Vladimir M. Holocaust testimony (HVT-3784)
- Tel Aviv, Israel : Fortunoff Video Archive for Holocaust Testimonies, 1995
- Interview Date
- June 8 and 15, July and 13, and September 7, 1995.
- 2 copies: 3/4 in. master; and 1/2 in. VHS with time coding.
- Cite As
- Vladimir M. Holocaust Testimony (HVT-3784). Fortunoff Video Archive for Holocaust Testimonies, Yale University Library.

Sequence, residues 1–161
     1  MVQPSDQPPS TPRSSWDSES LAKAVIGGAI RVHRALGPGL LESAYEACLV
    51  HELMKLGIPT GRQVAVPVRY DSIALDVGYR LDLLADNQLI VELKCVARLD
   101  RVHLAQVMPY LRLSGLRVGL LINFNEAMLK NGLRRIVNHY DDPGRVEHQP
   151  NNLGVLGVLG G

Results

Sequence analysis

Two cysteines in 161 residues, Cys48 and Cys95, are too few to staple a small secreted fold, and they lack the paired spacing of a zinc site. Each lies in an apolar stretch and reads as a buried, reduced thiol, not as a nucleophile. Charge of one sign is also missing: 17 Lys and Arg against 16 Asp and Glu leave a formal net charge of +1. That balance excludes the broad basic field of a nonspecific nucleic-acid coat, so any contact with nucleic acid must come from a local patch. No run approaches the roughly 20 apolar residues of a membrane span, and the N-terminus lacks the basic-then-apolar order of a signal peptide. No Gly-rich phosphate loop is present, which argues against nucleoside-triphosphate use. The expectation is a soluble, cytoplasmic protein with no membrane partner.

Videotape testimony of Vladimir M., who was born in Minsk, Belarus in 1933, the younger of two brothers. He recounts his father's participation in the Bolshevik movement; his family's move to Moscow in 1935; his brother spending the summer with grandparents in Minsk in 1937; his father's, then his mother's arrest; placement in orphanages; his uncle bringing him to Minsk in December 1939; coddling within his large, extended family, especially by his grandmother; attending summer camp in 1941; German invasion; a teacher returning him to Minsk; learning of mass shootings including his uncle and other relatives; ghettoization; hiding during round-ups for mass shootings; hospitalization for typhus; he and his brother sneaking out of the ghetto; singing to German and Hungarian soldiers for extra food; bringing it to his grandparents; starvation, cold, and disease; more mass shootings including many relatives; escaping with his brother and others; assistance from villagers; fleeing antisemitic partisans; joining Shimon Zorin's partisan family unit, then merging with the Bielski brigade; a German attack; frequently changing locations; partisan battles with Germans; executions of captured German soldiers; liberation by Soviet troops; returning to Minsk; living in several orphanages; pervasive antisemitism; his mother and father returning in 1947; their divorce; living with his father in Ashmi︠a︡ny in summer 1948; denial of membership in the Komsomol due to his parents' records; being warned in 1951 his father's arrest was immanent; moving to Siberia with him to avoid arrest; attending school in Tomsk; military enlistment in 1955; emigration to Israel; and his father's death in 1967. Mr. M. discusses his large extended family, all of whom were killed; life in orphanages, ghetto, partisans, Siberia, and Israel; difficulty relating to parents he hardly knew; nightmares resulting from his experiences; and not talking about his experiences with anyone, including his family. He shows photographs and documents and sings many songs.